Most children believe in magic. They don’t flinch when hearing stories of whimsical happenings that are quite impossible. They don’t turn to logic in an attempt to figure out how incredible things could happen. They don’t allow the impracticality of a story to prevent them from believing in it. It was with a similar spirit of childlike belief that artistic pioneers collectively birthed magical realism (also known as magic realism or marvelous realism), a genre of painting that doesn’t question the existence of magic in the real world.
Magical realism has an uncanny way of touching the deepest parts of a person’s heart. The profound emotional response this genre of artwork provokes is precisely what is responsible for its popularity. Perhaps the most beautiful thing about magic realism is its sense of mystery.
Characteristics of Magical Realism
The term ‘magic realism’ was coined in 1925 by a writer named Franz Roh. Interestingly, the genre itself is an American art style. Magical realism was most prominent from 1943 to the 1950s.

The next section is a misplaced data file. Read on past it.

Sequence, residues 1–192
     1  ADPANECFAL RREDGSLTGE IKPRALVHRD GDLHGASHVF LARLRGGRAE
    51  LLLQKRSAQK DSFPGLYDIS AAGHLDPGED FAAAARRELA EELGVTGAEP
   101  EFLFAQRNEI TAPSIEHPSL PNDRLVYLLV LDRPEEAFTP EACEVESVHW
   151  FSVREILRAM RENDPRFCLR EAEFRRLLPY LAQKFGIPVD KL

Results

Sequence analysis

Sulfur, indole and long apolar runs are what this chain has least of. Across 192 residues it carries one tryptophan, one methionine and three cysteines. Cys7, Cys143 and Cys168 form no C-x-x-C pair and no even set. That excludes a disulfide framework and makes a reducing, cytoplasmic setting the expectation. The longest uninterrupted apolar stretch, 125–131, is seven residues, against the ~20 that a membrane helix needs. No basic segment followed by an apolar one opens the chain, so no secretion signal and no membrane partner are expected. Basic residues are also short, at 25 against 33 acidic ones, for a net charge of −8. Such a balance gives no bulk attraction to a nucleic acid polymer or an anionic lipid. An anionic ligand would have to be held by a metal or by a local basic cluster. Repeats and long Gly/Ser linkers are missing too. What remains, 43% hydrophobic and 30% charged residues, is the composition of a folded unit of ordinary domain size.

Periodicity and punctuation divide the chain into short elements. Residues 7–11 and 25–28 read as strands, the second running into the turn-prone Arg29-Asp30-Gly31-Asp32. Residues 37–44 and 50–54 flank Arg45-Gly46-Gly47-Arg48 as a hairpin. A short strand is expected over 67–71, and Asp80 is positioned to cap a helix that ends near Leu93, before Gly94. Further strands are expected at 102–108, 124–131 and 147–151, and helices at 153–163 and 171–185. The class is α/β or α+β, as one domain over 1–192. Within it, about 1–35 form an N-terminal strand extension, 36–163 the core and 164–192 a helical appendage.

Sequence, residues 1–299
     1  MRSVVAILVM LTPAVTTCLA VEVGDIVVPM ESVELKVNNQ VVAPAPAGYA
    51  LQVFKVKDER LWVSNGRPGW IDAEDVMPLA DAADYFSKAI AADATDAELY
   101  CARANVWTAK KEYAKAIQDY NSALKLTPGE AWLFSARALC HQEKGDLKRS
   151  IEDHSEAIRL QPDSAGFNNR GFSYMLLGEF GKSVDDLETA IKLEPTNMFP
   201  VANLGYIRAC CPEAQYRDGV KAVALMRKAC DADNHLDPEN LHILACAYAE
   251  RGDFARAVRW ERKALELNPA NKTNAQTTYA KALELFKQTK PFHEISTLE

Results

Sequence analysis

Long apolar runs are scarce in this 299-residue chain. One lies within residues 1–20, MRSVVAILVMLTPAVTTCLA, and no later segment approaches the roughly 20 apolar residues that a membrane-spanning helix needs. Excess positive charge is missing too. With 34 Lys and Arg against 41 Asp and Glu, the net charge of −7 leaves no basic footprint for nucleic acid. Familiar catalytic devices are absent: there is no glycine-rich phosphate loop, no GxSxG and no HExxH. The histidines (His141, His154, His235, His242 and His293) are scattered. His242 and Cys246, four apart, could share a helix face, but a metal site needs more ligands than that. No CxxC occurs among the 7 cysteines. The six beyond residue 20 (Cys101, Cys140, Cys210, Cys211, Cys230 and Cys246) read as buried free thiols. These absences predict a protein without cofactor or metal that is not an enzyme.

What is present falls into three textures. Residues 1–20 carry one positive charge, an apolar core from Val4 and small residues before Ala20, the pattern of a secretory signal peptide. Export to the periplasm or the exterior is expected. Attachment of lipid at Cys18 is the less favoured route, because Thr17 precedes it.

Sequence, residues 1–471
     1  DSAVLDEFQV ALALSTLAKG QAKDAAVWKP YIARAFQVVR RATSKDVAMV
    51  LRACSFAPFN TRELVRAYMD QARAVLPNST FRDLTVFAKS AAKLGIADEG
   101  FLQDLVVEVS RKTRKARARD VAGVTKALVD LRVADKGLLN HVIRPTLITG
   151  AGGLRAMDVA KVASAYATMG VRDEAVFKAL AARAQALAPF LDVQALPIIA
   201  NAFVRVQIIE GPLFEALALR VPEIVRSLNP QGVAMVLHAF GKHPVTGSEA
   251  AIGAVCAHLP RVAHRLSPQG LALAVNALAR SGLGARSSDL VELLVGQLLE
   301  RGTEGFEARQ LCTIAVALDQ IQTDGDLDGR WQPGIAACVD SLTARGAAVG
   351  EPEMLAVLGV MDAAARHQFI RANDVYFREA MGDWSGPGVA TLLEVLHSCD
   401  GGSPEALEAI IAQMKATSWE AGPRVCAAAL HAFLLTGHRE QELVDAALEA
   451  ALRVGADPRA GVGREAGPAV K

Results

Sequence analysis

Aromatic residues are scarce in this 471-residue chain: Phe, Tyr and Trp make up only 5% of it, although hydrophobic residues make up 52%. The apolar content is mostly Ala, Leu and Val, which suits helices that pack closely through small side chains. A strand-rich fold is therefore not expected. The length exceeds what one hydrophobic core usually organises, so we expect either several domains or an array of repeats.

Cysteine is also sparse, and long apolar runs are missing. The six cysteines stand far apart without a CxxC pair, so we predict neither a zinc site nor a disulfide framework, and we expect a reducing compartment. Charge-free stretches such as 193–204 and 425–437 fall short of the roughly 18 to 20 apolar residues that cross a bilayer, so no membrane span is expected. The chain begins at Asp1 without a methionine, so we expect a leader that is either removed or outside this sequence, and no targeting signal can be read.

As explained in the article A Short History of Magic Realism, magical realism paintings are “typified by remarkable detail and sharp focus. (Magic realism) tricks us by hiding unexpected or suggestive content in what at first might seem to be a common or ordinary scene.” Magical realism paintings often are centered on contemporary subjects and sometimes have an eerie feel about them. This may be due in part to the sense of disconnectedness that these paintings typically possess. Also mentioned in A Short History of Magic Realism, “Juxtapositions of sharply rendered and detailed elements, both in the foreground and background, are used to develop an air of mystery or ambiguity (in magic realism). Although the paintings may incorporate everyday objects, their objective is not to appear dull or banal. Instead they attempt to show us the everyday world in new and unfamiliar ways.”
Who Put the Magic in Magical Realism?
There are many artists who are responsible for the development of the art movement/genre called magical realism. Henri Rousseau and Giorgio de Chirico are some of the earliest influencers of this whimsical style of art. Others who are well know for their magical realism paintings include Ivan Albright, Paul Cadmus, Phillip Evergood, and George Tooker.
Magic realism artwork stretches the imagination, challenges our beliefs about what is possible, and represents a beautiful, unusual world that begs to be explored. Are you a fan of magical realism? If so, who is your favorite artist or painting related to this genre? Share with us in the comments section below.
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